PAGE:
UCSD Building Evacuated Due to Gas Leak

A worker accidentally cut the wrong gas pipe and became unconscious

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    NEWSLETTERS

    Three people were sent to the hospital after an accidental gas leak at Jacobs Hall on the campus of UC San Diego Thursday. A contractor accidentally cut into a gas line, knocking him unconscious. NBC 7’s Lauren Lee has the latest.

    An engineering building at the University of California San Diego was evacuated Thursday morning after a hazardous gas leak.

    A representative from UC San Diego’s Triton Alert system told NBC 7 the incident happened at the EBU1 building at Warren Mall, also known as Jacobs Hall.

    The alert system asked students to stay away from the area and avoid Voight Drive between Hopkins and Gilman due to emergency vehicles in the roadway.

    Officials with San Diego Fire-Rescue were called to the college campus in La Jolla at around 9:20 a.m. to investigate the incident.

    UCSD Building Evacuated after Gas Leak

    [DGO]UCSD Building Evacuated after Gas Leak
    An engineering building at UC San Diego was evacuated after a contractor apparently cut a gas line. The incident sent several people to the hospital. NBC 7’s Lauren Lee has the latest.

    Officials said a worker installing a new air-control system at the building accidentally cut the wrong gasoline pipe. The worker became unconscious and was taken to Scripps Memorial Hospital.

    By noon, Garry MacPherson, director of environment, health and safety at UCSD told NBC 7 the worker had regained consciousness and was recovering.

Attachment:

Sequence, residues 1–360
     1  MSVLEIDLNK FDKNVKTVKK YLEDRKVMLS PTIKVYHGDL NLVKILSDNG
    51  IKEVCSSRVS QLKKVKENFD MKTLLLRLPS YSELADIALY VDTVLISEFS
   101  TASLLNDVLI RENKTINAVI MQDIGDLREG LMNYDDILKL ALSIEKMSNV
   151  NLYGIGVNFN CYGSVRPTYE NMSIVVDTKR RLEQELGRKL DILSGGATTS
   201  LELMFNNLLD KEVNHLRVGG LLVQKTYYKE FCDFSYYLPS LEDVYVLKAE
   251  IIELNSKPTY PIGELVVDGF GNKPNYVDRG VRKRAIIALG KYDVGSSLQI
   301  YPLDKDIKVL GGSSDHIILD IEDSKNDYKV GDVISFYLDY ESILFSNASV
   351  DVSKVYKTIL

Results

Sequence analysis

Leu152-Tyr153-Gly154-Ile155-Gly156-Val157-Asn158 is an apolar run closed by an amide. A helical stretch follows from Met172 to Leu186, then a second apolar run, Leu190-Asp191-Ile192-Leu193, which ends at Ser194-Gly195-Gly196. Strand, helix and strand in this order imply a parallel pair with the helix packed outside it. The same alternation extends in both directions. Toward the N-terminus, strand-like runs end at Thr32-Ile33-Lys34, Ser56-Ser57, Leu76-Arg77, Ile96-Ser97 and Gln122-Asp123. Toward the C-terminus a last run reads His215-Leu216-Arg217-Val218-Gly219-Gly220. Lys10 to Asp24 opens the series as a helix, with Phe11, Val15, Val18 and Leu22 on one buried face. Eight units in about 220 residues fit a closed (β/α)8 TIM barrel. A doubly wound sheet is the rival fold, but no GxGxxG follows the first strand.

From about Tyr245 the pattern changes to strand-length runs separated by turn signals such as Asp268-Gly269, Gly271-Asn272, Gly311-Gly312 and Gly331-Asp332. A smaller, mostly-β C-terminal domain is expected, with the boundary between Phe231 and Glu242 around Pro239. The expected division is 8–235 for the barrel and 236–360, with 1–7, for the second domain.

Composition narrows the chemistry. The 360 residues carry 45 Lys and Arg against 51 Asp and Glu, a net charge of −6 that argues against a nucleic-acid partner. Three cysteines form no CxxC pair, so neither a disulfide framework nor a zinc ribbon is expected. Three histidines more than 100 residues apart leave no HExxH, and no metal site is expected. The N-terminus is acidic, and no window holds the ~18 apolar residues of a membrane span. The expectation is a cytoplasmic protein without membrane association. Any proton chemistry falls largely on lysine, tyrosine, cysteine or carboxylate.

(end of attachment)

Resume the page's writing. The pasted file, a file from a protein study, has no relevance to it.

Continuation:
Another man and a woman suffering from breathing problems were also taken to the hospital after the gas leak.

    Hazmat officials and crews from the Department of Environmental Health were called to the scene to assist in the investigation. As of 11 a.m., fire officials were still inspecting the building, which remained evacuated and closed for several hours.

    By 2 p.m., MacPherson said all three people who were taken to the hospital had been released. Their tests did not show anything toxic in their systems.

    He said hazmat investigators discovered that the worker actually cut into a duct and residual gas in that tube was released. Officials still don't know what type of gas it was, but they believe it may have been nitrogen, which could make people feel light-headed and dizzy.

    UC San Diego is currently on spring break, so there were no classes in session at the time of Thursday's incident.

    A grad student who does research work in Jacobs Hall told NBC 7 he was on his way into the building when he saw everyone evacuating. He got an email alert message immediately from the school warning him of the incident.

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